We Need to Talk about Kevin

Front Cover
Counterpoint, 2003 - Fiction - 400 pages
If the question of who's to blame for teenage atrocity intrigues news-watching voyeurs, it tortures our narrator, Eva Khatchadourian. Two years before the opening of the novel, her son, Kevin, murdered seven of his fellow high school students, a cafeteria worker, and the much-beloved teacher who had tried to befriend him. Because his sixteenth birthday arrived two days after the killings, he received a lenient sentence and is currently in a prison for young offenders in upstate New York.
In relating the story of Kevin's upbringing, Eva addresses her estranged husband, Frank, through a series of startingly direct letters. Fearing that her own shortcomings may have shaped what her son became, she confesses to a deep, long-standing ambivalence about both motherhood in general - and Kevin in particular. How much is her fault?
We Need To Talk About Kevin offers no pat explanations for why so many white, well-to-do adolescents - whether in Pearl, Paducah, Springfield, or Littleton - have gone nihilistically off the rails while growing up in the most prosperous country in history. Instead, Lionel Shriver tells a compelling, absorbing, and resonant story with an explosive, haunting ending. She considers motherhood, marriage, family, and career - while framing these horrifying tableaus of teenage carnage as metaphors for the larger tragedy of a country where everything works, nobody starves, and anything can be bought but a sense of purpose.

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User Review  - Tytania - www.librarything.com

We need to talk about Kevin. Right now. This novel consumed me. In a way my daily world revolved around that hour or so per night I could get back to the story. Some nights the Disturbing factor was ... Read full review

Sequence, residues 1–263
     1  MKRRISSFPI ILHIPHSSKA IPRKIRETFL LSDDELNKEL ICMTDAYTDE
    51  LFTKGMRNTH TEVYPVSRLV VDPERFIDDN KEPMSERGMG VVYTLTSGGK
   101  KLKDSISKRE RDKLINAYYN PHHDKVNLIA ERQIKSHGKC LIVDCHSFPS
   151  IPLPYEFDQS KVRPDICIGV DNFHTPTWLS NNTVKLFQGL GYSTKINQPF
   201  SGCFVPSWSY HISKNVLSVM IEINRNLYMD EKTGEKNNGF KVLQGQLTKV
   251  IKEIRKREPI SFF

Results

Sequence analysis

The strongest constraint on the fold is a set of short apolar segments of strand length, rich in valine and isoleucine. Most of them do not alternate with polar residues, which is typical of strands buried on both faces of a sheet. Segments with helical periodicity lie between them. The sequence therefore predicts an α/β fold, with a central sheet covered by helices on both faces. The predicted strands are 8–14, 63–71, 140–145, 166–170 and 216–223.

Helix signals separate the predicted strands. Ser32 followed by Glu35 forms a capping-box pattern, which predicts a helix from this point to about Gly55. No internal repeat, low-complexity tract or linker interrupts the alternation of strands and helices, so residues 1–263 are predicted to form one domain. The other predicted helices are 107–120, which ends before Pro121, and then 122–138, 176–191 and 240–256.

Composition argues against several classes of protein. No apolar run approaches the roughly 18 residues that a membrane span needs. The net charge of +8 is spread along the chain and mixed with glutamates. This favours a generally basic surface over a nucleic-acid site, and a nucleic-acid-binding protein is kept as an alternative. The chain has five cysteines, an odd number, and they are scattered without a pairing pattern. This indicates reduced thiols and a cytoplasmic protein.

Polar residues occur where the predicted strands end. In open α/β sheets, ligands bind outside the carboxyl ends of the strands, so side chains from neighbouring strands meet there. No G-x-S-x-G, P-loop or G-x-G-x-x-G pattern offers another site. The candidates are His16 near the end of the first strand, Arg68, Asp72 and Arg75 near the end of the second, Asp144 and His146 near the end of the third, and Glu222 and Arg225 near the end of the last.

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User Review  - PhilipJHunt - www.librarything.com

Wow. I just finished reading this moments ago. I'm wrung out. This novel is just about perfect, but it's a tough read--unremittingly bleak, dark and hopeless. 468 pages of this can wear you down. Yet ... Read full review

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About the author (2003)

Lionel Shriver was born Margaret Ann Shriver on May 18, 1957 in Gastonia, North Carolina. She changed her first name because of her preference for it. She was educated at Barnard College, and Columbia University (BA, MFA). She has lived in Nairobi, Bangkok and Belfast, and currently lives in London. Shriver wrote seven novels and published six (one novel could not find a publisher) before writing We Need to Talk About Kevin, which she called her "make or break" novel. She won the 2005 Orange Prize for her eighth published novel, We Need to Talk About Kevin, a thriller and close study of maternal ambivalence, and the role it might have played in the title character's decision to murder nine people at his high school. The book created a lot of controversy, and achieved success through word of mouth. The Mandibles: A Family, 2029-2047 was published in May 2016.

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